So NPL has particularly strong groups in materials characterisation, something which has stood UK industry in good stead. It is also dominant in biomaterials, nanotechnology, optics and quantum systems. ‘We have quite a powerful role in the core measurements, the SI units. We are working with others at the moment on a more reliable way to measure the kilogram,’ said Pethica, looking forward to the day when a platinum-iridium alloy cylinder in the vault of the International Bureau International des poids et Mesures in France is no longer the final word in weights.
This is all very well and can seem to the outsider fascinatingly esoteric but Pethica is nothing if not a realist. He has his feet firmly planted in the commercial world and is quick to recognise that a worthwhile standards institution will offer significant benefits to industry.
So what is NPL doing for the UK’s engineering industry? ‘Our primary offer is a measurement service,’ he said. ‘How good is that coating? Have I got my synchronisation right in my software? NPL can answer those questions with authority. It provides a back-stop for a whole range of queries. It also provides codes of practice to industry, to make sure things are done in the correct way to ensure the desired result. NPL can say, these are the steps to take and this is the order in which to take them so that no mistakes are introduced.’
He is keen for NPL to offer more to industry. ‘I’m pushing for the development of IT protocols because we’re not involved so much in those standards at the moment. NPL has a famous track record in this area with packet switching, which still forms the basis of computer communications worldwide today, having been developed by Donald Davies in the 1960s,’ said Pethica.
‘Of course, NPL responds to the kind of industry that you have in the country. That’s one reason why there’s a strong emphasis in materials research, quality control, materials analysis and the like. We are the reference lab that has to be providing the cutting-edge service. As industrial systems get more complex, the protocols also get more complex and we have the expertise to handle that.’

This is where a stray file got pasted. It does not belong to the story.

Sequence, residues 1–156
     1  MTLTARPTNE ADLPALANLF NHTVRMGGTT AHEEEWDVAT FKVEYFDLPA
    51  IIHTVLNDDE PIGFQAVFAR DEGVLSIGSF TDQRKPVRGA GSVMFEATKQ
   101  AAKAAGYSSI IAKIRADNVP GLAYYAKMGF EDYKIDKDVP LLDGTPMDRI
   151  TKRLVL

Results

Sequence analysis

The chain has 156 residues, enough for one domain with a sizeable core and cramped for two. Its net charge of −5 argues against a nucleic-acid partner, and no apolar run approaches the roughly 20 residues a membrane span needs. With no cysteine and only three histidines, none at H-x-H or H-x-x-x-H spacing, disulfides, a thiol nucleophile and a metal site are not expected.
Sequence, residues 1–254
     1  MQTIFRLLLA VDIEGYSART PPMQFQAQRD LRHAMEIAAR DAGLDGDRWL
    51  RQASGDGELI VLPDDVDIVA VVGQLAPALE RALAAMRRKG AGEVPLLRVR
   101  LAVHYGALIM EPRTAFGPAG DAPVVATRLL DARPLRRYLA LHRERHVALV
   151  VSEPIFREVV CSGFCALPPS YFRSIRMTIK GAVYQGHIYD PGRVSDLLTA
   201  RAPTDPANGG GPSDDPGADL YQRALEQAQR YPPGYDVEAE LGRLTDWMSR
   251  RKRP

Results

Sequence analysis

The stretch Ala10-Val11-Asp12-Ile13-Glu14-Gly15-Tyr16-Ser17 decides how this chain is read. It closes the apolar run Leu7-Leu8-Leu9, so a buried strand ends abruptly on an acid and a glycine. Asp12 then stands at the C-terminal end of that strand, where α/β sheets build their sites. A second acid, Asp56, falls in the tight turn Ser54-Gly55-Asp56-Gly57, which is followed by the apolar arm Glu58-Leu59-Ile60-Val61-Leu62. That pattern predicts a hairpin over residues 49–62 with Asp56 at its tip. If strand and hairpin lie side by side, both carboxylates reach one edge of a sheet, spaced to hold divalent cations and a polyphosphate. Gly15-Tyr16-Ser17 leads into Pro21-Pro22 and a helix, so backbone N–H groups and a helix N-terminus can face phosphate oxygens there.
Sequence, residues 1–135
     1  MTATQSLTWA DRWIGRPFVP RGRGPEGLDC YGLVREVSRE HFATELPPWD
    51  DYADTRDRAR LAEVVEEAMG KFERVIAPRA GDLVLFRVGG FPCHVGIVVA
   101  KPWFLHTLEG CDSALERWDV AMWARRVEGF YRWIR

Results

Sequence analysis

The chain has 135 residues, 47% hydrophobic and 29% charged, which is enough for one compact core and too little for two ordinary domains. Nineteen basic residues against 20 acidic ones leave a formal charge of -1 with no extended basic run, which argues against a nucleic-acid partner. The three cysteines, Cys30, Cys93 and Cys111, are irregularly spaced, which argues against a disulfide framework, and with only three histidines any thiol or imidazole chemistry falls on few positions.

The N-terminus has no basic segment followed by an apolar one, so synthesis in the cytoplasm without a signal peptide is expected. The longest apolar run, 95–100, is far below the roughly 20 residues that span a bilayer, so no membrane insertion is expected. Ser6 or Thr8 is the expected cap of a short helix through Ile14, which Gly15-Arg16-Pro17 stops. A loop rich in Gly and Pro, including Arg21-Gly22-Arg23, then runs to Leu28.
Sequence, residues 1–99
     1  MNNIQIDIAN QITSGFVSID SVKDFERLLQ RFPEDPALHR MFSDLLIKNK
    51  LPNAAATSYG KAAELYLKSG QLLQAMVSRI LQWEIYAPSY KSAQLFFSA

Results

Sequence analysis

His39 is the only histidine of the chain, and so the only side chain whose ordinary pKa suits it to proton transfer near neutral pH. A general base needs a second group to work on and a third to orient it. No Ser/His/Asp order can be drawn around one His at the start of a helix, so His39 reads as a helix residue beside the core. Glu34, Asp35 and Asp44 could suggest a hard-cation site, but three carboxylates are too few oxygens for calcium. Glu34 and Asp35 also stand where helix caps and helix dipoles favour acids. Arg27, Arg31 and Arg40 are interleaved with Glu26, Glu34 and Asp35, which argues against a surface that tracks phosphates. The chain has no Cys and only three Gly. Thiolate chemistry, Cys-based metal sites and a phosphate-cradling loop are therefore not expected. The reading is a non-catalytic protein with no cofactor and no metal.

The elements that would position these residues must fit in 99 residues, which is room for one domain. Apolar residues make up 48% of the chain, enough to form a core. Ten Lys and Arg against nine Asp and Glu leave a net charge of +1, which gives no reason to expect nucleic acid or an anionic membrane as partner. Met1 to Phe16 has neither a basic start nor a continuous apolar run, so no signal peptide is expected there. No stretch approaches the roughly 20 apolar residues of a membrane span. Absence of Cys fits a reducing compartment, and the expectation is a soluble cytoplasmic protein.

Pethica has great sympathy with engineers. ‘Let’s face it, the engineer is under pressure in industry,’ he said. ‘The right support through providing validation, protocols and standards can help.’ As an example of NPL being ready to react to technological developments that will require new protocols and standards, Pethica cites the increasing use of radiation in diagnostic medical devices. ‘That’s going to need one hell of a lot of measurement, what with multiple beams and multiple paths.’
NPL is already called upon by a diverse group of organisations. It has analysed materials on behalf of the FIA, Formula One’s governing body, to ensure racing teams are not cheating by using exotic materials (see ‘Material Witness’, The Engineer, 12 April 2006). It has built the world’s most accurately measured anthropometric model so body scanners can be calibrated. It built the world’s first caesium atomic clock in 1955 since when it has not let time stand still, for itself or any industrialised country. Time is now the vital component for all global navigation satellite systems, includingthe developing European Galileo constellation.
Pethica is keen to accelerate the momentum that NPL has acquired over the decades. ‘NPL has great ambitions,’ he said. ‘It can increase the effectiveness of industry and assist with the transfer of research and development into actual products and services.’ There may be two parts to his answers but he is nothing if not single-minded.